Doctors in Kyrgyzstan are describing their country’s epidemiological situation as “hellish.”
Coronavirus infections are on a steep incline, but that is only part of the picture. More and more people are being diagnosed with pneumonia, a condition often associated with COVID-19. In the 24-hour period up to July 3, 10 people were said by officials to have died with the coronavirus, and another 23 succumbed to community-acquired pneumonia.
Many are dying before they can even get to the hospital. On June 29, two people died of pneumonia at the entrance to Bishkek’s National Hospital.
Tilek Maratov, the director of the hospital, said the victims had arrived too late.
“They stayed at home for weeks, self-medicated, and this is the kind of result that leads to,” he said.
Given how packed the hospitals have become, however, self-medication is often the only available option. Social networks are full of people pleading to find ventilators, oxygen tanks and drugs. Hospitals turn away people who are not yet showing high temperatures.
A popular Instagram channel for young mothers features countless plaintive appeals.
“What does a person with confirmed COVID-19 have to do to get taken by a clinic?” writes one woman, apparently talking about a relative. “The doctors would not take them; they said the condition was only moderately serious. State facilities are overfull. Maybe a private clinic?”
The latest overall tally indicates that 76 people have died with the coronavirus and another 120 with pneumonia over the duration of the crisis, which began in March. But it is clear from a welter of circumstantial evidence that these figures are massive undercounts.
Prime Minister Kubatbek Boronov said on July 2 that Kyrgyzstan currently has 570 ventilators and 610 oxygen concentrators. The government has ordered another 50 ventilators and 500 oxygen concentrators to be delivered from China.
Urgent work is focusing on expanding the number of available beds. The premises of the former U.S. air base at Manas are being overhauled and equipped with 600 beds.
“We are going to enlist senior students of medical faculties, as well as residents and interns. We are bringing about 100 health workers from regions with a favorable epidemiological situation to Bishkek,” Boronov said.
Bishkek medical workers are complaining they simply do not have the manpower to physically respond to all the incoming phone calls for help. The 118 number that previously served as the contact for arranging a COVID-19 test has been reformatted as a self-diagnosis service.
“Even if 100-200 ambulances suddenly appeared, we would have nobody to drive them. We have no doctors. We are short of them everywhere – in the polyclinics and in the hospitals,” Yegor Borisov, head of the intensive care unit at Bishkek’s Emergency Medicine Center, wrote on Twitter.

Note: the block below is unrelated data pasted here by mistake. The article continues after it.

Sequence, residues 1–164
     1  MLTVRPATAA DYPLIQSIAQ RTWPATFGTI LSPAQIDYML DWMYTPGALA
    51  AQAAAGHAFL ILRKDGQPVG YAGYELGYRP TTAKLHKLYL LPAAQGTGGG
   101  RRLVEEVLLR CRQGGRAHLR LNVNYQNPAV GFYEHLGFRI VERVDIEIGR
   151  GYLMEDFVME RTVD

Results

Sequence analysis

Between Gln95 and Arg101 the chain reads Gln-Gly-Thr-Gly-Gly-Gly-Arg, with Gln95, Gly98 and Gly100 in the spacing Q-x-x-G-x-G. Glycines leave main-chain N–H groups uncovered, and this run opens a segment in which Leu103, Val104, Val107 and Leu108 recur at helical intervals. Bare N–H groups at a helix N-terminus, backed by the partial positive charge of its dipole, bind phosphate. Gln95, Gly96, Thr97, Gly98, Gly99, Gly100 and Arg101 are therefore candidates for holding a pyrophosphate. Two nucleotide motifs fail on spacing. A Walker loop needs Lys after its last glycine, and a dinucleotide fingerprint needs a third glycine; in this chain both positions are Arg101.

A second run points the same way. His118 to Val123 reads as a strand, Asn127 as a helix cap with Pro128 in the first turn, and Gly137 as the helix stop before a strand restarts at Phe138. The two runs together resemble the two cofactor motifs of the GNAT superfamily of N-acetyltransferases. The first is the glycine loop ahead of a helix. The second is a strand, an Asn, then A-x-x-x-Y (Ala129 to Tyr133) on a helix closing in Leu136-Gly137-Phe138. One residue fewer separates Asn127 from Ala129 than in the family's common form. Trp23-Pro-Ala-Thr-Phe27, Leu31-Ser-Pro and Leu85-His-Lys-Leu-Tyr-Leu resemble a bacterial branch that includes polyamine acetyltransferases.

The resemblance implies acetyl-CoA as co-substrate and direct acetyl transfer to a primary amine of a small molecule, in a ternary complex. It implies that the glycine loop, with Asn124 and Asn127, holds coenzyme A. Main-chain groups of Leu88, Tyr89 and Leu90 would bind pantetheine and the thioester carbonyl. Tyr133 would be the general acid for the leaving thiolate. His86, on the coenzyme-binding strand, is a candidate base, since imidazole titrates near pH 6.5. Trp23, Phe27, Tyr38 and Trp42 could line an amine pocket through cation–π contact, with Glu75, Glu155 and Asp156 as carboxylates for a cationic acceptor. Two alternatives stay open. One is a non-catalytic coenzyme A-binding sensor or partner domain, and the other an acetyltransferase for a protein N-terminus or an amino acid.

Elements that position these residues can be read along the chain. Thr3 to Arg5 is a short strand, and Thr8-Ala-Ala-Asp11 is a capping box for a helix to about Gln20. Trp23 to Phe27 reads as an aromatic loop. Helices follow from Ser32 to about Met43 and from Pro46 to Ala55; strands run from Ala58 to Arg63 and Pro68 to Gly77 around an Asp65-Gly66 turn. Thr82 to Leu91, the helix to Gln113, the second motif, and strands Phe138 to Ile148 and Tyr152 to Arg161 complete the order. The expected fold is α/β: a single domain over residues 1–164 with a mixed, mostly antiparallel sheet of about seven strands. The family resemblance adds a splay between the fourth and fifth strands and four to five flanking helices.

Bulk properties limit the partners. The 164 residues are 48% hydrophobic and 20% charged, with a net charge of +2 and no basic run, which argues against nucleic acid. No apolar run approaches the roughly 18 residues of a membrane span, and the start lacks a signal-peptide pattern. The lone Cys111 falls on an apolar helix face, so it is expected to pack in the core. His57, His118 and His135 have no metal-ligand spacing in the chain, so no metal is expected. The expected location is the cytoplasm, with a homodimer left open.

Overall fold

Borisov described the coronavirus outbreak as the “beginning of hell.”
Asked by somebody what help they could offer to mitigate the crisis, Borisov said simply: “Don’t get sick.”
The authorities are negotiating with the Russian government to bring in qualified personnel. Doctors from China and Poland had previously offered assistance.
The situation is also growing desperate in Osh, the country’s second city. Talant Arstankulov, the director of the Osh Interregional Joint Clinical Hospital, told Kaktus website that an additional 25-30 beds have been prepped at his facility, but that they will not be enough.
A tent camp has been set up on the outskirts of the city.
“It has 165 places for people to be put under observation, and another 80 beds for hospitalizing patients. Six tents have been allocated for doctors,” Nurlan Baimuratov, director of the Emergency Service Ministry in Osh, told Kaktus.
To try and mitigate the situation, health workers have created a number of channels on the Telegram messaging app to conduct online consultations. One channel has accumulated 100,000 subscribers.
As for adopting measures to stem the spread of the outbreak, the authorities are pleading helplessness. Boronov said the country simply cannot afford the economic cost of a new round of lockdowns. This year’s budget deficit has already reached 30 billion som ($381 million) – a colossal number for Kyrgyzstan.
In order to cover the cost of making welfare payments, the government is having to fall back on what is being given by donors. Out of a total $645 million pledged, however, only $291 million has been received, Boronov said. The government has promised to ensure expenditure is closely monitored and that they avoid the waste of funds.
But investigative journalists say they have found evidence, by poring through public procurement contracts from January to May, that personal protective equipment is being purchased at inflated prices.
The website Politklinika has maintained, for example, that protective suits were bought for 6,000 som ($76), when they are available at 2,000 som ($25) on the open market. A similar dynamic was noted with masks and ventilators.
“When we analyzed data on the website of the Public Procurement Department, we found out that sometimes [the amount paid for procurement] exceeded the market value of the goods by 10 times,” the website alleged.
Politklinika said, furthermore, that 48 percent of the companies winning contracts were mainly involved in construction and had no background in medical supplies.
Finance police have begun investigations.
Boronov, meanwhile, has appealed to the public to keep their spirits high.
“We should not worry people by publishing unverified information. And let's share good news. Let each of us come up with something positive every day and share it with the population,” he said.
Ayzirek Imanaliyeva is a journalist based in Bishkek.